You Ought to Have a Look is a feature from the Center for the Study of Science posted by Patrick J. Michaels and Paul C. (“Chip”) Knappenberger. While this section will feature all of the areas of interest that we are emphasizing, the prominence of the climate issue is driving a tremendous amount of web traffic. Here we post a few of the best in recent days, along with our color commentary.
We’ve got a lot cover this week, so let’s get right to it.
On the science front, we want to highlight two new papers that both suggest that attributing heavy precipitation events in the United States to human-caused climate change is a fool’s errand (not that there aren’t plenty of fools running around out there). This is a timely topic to explore with the big rains in Louisiana over the weekend leading the news coverage.
One paper by a research team from the University of Iowa found that “the stronger storms are not getting stronger” and that there has not been any change in the seasonality of heavy rainfall events by examining trends in the magnitude, frequency, and seasonality of heavy rainfall events in the United States. They did report that the frequency of heavy rain events was increasing across much of the United States, with the exception of the Northwest. As to the reason behind the observed patterns, the authors write “[o]ur findings indicate that the climate variability of both the Atlantic and Pacific Oceans can exert a large control on the precipitation frequency and magnitude over the contiguous USA.”
The other paper, from a research team led by NOAA/GFDL’s Karin van der Wiel, examined climate model projections and observed trends in heavy precipitation events across the United States and concludes:
Finally, the observed record and historical model experiments were used to investigate changes in the recent past. In part because of large intrinsic variability, no evidence was found for changes in extreme precipitation attributable to climate change in the available observed record.
Pretty emphatic and straightforward summary.
So, the next time you read that such and such extreme precipitation event was made worse by global warming, you’ll know that there is precious little actual science to back that up.
We’ll note that the more astute science writers are actually familiar with findings like these but rather than fess-up about them, they prefer to further the climate change narrative through the use of weasel words like “is consistent with” expectations from climate change. This particularly useful phrase encompasses virtually all possibilities and allows every weather event to be linked to the nefarious burning of fossil fuels. And we do mean every—bad or good. But in practice, it is reserved by the media to be applied only to bad events or trends. For good-seeming goings-on, “dumb luck” is the preferred descriptor, despite plenty of science that could be used to show that good things, too, “are consistent with climate change expectations.” Go figure.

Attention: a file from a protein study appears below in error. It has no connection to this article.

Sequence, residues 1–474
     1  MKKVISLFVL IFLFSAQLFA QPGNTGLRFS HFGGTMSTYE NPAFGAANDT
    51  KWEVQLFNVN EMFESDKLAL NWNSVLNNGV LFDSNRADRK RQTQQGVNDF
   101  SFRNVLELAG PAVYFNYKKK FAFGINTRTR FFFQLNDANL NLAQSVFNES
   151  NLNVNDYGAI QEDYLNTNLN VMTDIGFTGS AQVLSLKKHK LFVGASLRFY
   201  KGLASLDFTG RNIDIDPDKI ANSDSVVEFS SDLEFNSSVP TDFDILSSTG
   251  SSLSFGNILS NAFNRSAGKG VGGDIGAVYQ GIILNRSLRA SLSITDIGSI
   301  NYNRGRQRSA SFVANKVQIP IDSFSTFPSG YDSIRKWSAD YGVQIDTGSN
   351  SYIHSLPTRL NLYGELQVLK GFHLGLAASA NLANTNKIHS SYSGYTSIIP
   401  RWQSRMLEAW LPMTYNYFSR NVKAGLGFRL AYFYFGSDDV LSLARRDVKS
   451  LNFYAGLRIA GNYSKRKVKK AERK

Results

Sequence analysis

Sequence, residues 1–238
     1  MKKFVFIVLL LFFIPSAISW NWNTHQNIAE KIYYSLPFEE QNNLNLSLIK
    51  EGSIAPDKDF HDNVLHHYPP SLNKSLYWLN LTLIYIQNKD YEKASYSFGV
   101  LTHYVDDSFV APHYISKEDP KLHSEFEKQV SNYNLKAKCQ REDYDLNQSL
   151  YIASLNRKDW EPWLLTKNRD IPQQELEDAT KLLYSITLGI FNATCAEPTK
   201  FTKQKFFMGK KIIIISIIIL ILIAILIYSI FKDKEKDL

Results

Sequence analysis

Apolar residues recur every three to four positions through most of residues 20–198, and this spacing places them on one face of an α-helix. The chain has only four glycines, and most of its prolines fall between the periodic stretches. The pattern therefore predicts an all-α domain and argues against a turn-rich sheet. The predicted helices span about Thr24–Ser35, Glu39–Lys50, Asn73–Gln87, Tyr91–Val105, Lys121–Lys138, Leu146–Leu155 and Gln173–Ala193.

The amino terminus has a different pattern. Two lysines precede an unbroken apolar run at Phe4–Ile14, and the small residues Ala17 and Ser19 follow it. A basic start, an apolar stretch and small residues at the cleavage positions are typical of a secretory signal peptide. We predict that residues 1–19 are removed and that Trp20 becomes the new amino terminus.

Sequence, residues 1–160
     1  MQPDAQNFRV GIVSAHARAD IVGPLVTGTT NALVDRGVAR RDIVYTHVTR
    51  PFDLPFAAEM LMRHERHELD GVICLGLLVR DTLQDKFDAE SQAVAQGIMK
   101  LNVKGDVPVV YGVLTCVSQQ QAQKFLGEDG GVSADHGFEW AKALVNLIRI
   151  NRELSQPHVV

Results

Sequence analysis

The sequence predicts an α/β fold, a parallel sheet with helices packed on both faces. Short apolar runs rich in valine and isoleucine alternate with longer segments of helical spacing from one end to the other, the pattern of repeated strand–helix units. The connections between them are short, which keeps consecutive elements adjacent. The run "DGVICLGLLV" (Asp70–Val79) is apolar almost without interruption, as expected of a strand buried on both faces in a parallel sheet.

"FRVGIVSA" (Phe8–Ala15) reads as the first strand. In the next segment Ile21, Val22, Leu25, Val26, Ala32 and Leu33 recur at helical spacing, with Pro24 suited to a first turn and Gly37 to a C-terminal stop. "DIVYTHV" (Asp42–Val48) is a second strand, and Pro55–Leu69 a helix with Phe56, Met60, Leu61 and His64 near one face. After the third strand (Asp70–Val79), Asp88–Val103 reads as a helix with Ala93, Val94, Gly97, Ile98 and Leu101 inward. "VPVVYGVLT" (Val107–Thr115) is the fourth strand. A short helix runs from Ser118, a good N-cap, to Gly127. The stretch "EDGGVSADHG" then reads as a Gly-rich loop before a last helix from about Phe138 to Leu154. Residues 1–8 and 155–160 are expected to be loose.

This unseemly situation is well-summed up in a recently uploaded video by PragerU featuring Bjorn Lomberg titled “Climate Change: What’s So Alarming?” The video is short, roughly 5 minutes, but Lomborg hits on many alarmist talking points and why they are unhelpful in the discussion of how to best approach the climate change issue.
And if you liked that video from PragerU, the next video in the series (that autoplays in some browsers) is by our Alex Epstein looking into that whole “97% of Scientists Agree” thing. It too is worth a watch.
And if you still haven’t gotten your fill of the role of natural viability in the climate system, check out the just-dropped report from the National Academy of Sciences (NAS) on its role in decadal scale climate change. Judith Curry has her thoughts about the report here, including:
It is certainly gratifying to see this topic being addressed by the NAS, since decadal variability is too often dismissed by the ‘establishment’ as climate ‘noise.’ The questions asked in the report, and the knowledge gaps, raise the important unresolved issues….
What is missing from the report is the longer term context of multidecadal to millennial variability, and the importance of paleoclimate observations. Without this context, we are not going to make much progress on understanding and predicting the decadal variability in the Atlantic, Pacific, Indian Oceans….
Until these issues and knowledge gaps are sorted out, we don’t have the basis for making the above statements with high confidence.
Here’s to hoping that the climate community is ready to take more seriously the natural climate variability on time scales from decades to millennia.
And we found this quote in the report from Geophysical Fluid Dynamics Laboratory’s Dr. Tom Knutson on the global warming slowdown (a.k.a. hiatus) and the interplay between natural variability and climate sensitivity in producing it (and determining how long it will last) particularly interesting:
With a lower [transient climate sensitivity], models can produce slowdown periods that match observations to date and can extend to about 2030.
It seems that the global temperature evolution over the next few years may produce some pretty important insights for coming near-term (this century) greenhouse-gas-induced temperature change and a test of climate model utility and formulation.
We’ll be watching!
You can check out whole NRC report “Frontiers in Decadal Climate Variability: Proceedings of a Workshop (2016),” here.
Mallakpour, I., and G. Villarini, 2016. Analysis of changes in the magnitude, frequency, and seasonality of heavy precipitation over the contiguous USA. Theoretical and Applied Climatology, doi 10.1007/s00704-016-1881-z.
van der Wiel, et al., 2016. The resolution dependence of contiguous US precipitation extremes in response to CO forcing. Journal of Climate, doi:10.1175/JCLI-D-16-0307.1, in press.